Dennis Reidenbach moved to Philadelphia in July 1976, as the city's combative mayor, Frank L. Rizzo, was warning tourists to avoid the Bicentennial of American independence because he feared protests.
Reidenbach built a career with the National Park Service that focused on finding ways to attract many more tourists to the Liberty Bell, Independence Hall, and other historic sites as federal park budgets shrank. He rose to superintendent at Independence National Historical Park and, since 2007, has headed the service's 13-state Northeast region.
On the eve of his retirement, in his office overlooking the Independence Mall sites, Reidenbach explained how his generation of park service bosses has had to turn to rich industrialists and foundation trustees like the Annenbergs, Lenfests, and Pews, who have been willing to back particular visions of how historic sites ought to look with tens of millions of tax-protected dollars.
That prospect might have irked New Deal bureaucrats, but it felt natural to Reidenbach. He's a graduate of Grove City College, the staunchly independent, capitalist- and Christian-friendly Western Pennsylvania school that has been a favorite charity of the Pews since before they founded what is now Sunoco in the late 1800s. Two of Reidenbach's children are also Grovers.
"I've had many conversations with Rebecca Rimel about my Pew roots," said Reidenbach of the executive who has run the Pew family charities since 1994. "I believe J. Howard Pew would have been thrilled with the partnership between Pew Charitable Trusts and the National Park Service."
Pew influence helped teach the park service how to develop "entrepreneurial, self-sustaining" business plans, Reidenbach said. A focus on cash flow helped his agency sell the Pew interests on backing an updated Franklin Court museum, he said. A bond issue to help pay for the new Gettysburg battlefield visitor center raised cash for the project that attracted private backers like cable TV millionaire H.F. "Gerry" Lenfest, who is also an owner of The Inquirer.
Reidenbach said salesmanship was useful in the public sector as well, as he saw when former Mayor Ed Rendell passionately lobbied President Bill Clinton on federal backing for improvements to the formerly windswept mall so it could have facilities such as the current Liberty Bell pavilion, which also attracted dollars from the Annenberg Foundation.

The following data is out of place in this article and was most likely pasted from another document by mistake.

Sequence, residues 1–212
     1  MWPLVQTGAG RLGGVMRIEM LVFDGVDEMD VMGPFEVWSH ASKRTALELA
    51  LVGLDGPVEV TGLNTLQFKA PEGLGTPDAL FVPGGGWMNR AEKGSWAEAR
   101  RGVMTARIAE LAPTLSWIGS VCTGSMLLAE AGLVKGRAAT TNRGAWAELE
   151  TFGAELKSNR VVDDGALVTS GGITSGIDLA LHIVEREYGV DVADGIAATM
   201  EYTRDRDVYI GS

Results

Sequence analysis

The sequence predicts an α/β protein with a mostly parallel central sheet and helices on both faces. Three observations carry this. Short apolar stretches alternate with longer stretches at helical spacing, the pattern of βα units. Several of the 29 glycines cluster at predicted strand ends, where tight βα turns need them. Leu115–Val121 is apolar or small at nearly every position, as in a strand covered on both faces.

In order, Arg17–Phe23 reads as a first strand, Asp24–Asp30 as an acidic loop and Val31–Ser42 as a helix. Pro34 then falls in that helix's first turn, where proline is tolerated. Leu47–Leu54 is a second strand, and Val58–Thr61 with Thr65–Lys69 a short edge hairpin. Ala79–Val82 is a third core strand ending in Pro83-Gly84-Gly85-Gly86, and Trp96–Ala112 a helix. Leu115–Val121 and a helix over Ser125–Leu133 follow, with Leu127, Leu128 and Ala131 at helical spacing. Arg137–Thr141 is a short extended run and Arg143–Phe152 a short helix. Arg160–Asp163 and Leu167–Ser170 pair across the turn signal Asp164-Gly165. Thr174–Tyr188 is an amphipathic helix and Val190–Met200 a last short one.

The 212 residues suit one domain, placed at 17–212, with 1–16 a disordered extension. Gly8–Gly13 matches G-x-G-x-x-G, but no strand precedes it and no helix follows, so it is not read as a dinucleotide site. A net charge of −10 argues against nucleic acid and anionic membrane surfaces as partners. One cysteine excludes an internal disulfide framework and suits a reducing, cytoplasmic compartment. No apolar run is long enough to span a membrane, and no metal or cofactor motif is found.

It's one thing to find nameplate donors for famous sites like Gettysburg or a proposed new Statue of Liberty visitor center. Reidenbach's region also includes politically selected parks like Steamtown National Historic Site, the Scranton museum critics complained was far from truly historic rail centers. "Steamtown became a success because we were able to attract all those passionate railroad volunteers," Reidenbach said.
Reidenbach is even optimistic about the newest national park, the First State National Monument in Delaware, a list of unrelated sites stitched together because the state's Democratic U.S. senators thought it needed a national park. First State has no congressional budget, but Reidenbach was able to designate a Wilmington-bred park service veteran as its first director, pleasing all concerned.
Reidenbach is looking forward to watching the blocky Bicentennial-era park visitor center in Society Hill demolished next year to make room for a largely private American Revolution museum, as part of a land swap that also enlarged the park at Valley Forge.
Annenbergs and Pews and their family offices have mostly left Philadelphia, and Lenfest has said he intends to give most of his money away before he dies. Reidenbach said he's unsure who will be the next generation of Philadelphia historical-park donors.
Maybe corporations, he suggested.